Interview: Absolute Monarchs
The Absolute Monarchs are another awesomely loud group from Seattle. Born two years ago, the band merges such great sounds as post-punk, post-hardcore, indie rock, and a little pop into a hard-driving din that is totally their own.
The band is preparing to release their debut record 1, produced by Matt Bayles (Mastodon/Russian Circles/Minus The Bear), on their hometown’s own Good To Die Records on April 17th. The band which consists of Shawn Kock (guitar), Miki Sodos (guitar) Mike Stubz (drums), and Joel Schneider (vocals/bass) have made a stunning debut. Hell, Spin and NPR have already mentioned them as a Northwest band to watch — and now we’re telling you.
How has the band’s sound developed since its early days, or since the EP was released?
Mike Stubz: In the early days, we had a little less traditional approach, with just two guitars (one dropping and playing glockenspiel), keyboards, and drums. Time passed and Joel’s hatred of keyboards grew, so he started playing bass on the new songs and finally we dropped the keys altogether. Other than that, we haven’t changed a thing since the demo EP. We did take a major step up with the quality of recording, though — working with Matt Bayles will do that. He is awesome!
You have a very unique sound that touches on many different genres such as post-hardcore, the noisier side of indie rock, and shoegaze. How did you arrive at your sound?
Shawn Kock: Personally, I’ve never learned a song by another band and I’m a terrible listener, so an arrival at a sound is an exercise in sporadic listening and muscle memory.
Miki and Shawn have great chemistry together as guitarists. How did they develop this chemistry? How did the band develop this two-guitar attack?
Shawn: I was dating Miki’s sister, and she had just started playing guitar like a year before we met. I would get drunk at home and plead with her to come out of her room and play with me so I could write songs. It was a pretty seamless idea to keep moving forward with her after that. She was patient, had good ideas, and picked up the parts [quickly].
What is the band’s songwriting process? How are the ideas turned into songs?
Mike: Shawn will usually be playing a guitar part and then I’ll say, “What was that? play it again.” If it works, then we’ll start working on it for a bit getting it together, and Joel just comes up with a bass line. Vocals seemingly out of nowhere to wrap it up. Joel has a real easygoing knack for knocking it out. The process is fairly painless these days compared to the beginning, when we pretty much beat a song to death and agonized over every note.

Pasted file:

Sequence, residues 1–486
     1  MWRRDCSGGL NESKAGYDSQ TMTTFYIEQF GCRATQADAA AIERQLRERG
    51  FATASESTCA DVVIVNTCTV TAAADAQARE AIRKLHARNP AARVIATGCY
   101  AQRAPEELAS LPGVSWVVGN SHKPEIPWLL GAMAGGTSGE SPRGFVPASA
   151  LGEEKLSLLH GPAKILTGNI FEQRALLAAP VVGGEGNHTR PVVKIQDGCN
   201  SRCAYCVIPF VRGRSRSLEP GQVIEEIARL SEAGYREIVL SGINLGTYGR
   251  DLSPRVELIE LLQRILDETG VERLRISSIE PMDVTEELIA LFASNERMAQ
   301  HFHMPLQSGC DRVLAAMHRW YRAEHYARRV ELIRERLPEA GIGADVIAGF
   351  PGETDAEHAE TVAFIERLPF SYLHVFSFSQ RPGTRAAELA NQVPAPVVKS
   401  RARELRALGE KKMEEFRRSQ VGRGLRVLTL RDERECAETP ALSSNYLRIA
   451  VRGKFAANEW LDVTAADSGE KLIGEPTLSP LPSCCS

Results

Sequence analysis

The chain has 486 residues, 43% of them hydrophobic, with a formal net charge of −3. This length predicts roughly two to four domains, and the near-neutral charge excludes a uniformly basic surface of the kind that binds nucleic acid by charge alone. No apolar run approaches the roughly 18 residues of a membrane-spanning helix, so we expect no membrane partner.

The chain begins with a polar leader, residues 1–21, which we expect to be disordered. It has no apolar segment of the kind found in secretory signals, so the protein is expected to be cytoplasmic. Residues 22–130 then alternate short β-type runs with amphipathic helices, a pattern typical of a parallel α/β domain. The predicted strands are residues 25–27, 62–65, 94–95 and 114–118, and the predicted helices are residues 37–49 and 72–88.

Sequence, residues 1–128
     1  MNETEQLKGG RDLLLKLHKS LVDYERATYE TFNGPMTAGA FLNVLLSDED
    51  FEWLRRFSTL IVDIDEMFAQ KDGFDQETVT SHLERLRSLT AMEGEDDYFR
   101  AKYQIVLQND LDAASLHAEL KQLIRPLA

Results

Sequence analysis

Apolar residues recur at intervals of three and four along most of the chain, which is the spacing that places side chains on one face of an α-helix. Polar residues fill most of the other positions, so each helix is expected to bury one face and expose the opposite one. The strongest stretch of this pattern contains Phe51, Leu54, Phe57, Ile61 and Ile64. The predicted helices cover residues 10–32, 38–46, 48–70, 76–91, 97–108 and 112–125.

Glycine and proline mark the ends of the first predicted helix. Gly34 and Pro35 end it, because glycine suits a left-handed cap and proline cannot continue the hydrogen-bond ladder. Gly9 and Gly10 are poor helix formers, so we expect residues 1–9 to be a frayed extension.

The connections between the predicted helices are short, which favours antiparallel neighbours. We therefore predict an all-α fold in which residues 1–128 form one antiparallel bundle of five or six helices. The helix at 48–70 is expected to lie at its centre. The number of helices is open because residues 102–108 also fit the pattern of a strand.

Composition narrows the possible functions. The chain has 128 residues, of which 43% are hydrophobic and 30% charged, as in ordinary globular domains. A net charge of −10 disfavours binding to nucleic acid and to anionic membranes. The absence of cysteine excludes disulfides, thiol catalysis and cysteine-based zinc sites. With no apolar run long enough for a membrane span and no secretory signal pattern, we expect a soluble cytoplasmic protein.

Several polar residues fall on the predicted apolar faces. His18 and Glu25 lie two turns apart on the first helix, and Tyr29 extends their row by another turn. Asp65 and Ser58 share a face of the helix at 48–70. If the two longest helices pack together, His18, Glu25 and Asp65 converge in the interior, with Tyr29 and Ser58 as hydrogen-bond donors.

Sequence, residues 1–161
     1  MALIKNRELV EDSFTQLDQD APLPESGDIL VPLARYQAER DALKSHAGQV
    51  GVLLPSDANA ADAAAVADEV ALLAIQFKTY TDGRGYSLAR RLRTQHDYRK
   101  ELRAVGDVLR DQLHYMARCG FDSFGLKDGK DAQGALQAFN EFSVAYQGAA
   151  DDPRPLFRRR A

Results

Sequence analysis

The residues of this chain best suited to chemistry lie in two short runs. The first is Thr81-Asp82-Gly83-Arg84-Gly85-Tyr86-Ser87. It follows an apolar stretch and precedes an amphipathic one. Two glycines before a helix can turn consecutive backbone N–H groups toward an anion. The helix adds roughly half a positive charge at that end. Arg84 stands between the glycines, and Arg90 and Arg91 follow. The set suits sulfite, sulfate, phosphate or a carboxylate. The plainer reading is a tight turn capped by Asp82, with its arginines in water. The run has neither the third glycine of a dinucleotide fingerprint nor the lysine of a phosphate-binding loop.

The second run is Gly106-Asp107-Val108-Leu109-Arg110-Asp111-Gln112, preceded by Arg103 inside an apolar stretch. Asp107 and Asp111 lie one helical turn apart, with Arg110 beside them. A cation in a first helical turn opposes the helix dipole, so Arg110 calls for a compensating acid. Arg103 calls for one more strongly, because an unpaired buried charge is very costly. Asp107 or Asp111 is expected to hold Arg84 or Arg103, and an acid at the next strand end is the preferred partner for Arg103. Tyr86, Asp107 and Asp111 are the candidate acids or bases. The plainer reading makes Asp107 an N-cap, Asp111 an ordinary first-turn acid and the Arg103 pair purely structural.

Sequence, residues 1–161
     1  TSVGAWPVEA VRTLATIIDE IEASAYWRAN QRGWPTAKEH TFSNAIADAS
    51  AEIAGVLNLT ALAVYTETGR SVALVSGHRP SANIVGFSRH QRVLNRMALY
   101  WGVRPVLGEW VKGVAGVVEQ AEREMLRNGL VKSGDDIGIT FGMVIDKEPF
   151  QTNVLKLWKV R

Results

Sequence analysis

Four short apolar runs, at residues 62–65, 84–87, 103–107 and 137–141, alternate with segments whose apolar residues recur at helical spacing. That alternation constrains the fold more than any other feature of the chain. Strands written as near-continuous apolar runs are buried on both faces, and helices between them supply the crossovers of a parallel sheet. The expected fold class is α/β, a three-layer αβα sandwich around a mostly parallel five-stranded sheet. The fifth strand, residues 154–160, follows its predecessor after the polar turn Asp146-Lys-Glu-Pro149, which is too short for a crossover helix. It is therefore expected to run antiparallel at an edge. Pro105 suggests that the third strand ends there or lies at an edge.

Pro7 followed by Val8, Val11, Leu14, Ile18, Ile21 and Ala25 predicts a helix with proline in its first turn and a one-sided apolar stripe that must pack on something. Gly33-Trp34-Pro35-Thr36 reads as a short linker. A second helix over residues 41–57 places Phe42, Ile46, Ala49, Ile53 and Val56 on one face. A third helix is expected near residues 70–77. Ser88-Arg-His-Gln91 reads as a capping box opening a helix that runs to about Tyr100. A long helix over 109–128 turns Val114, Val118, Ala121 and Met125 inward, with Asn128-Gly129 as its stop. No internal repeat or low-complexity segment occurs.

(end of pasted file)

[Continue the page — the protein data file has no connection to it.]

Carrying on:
What made you decide to release your debut full length on Good To Die?
Mike: Well, Nik from Good To Die believed in us before anybody else did, and we believe in Nik and what he’s got going with [his label].
What are the future plans for the band once the record comes out? Will you be touring?
Mike: When the record comes out in April we are going to do support with a bunch of shows and some radio stuff around Seattle and the Pacific Northwest — but it’ll be business as usual, playing shows when we can. As far as a tour, it’s complicated; we will try and do something down the West Coast or elsewhere this summer, if the right situation presents itself. We all have other parts of our lives that make it hard to work out a tour, but we will try and take our shots when they come up.
How do you think the mentions in Spin and NPR effected the band? Do you think it affected people’s perception of the band in the Seattle scene? Do you think these mentions had a positive effect on you?
Shawn: We are grateful for any regard, but as far as being mentioned in Spin, I don’t think it has had any effect at all, internally within the band, or externally out in the scene. It’s always rad to get mentioned in a positive way. It’s the first I’ve heard of the NPR thing, though. I like NPR, so that’s cool.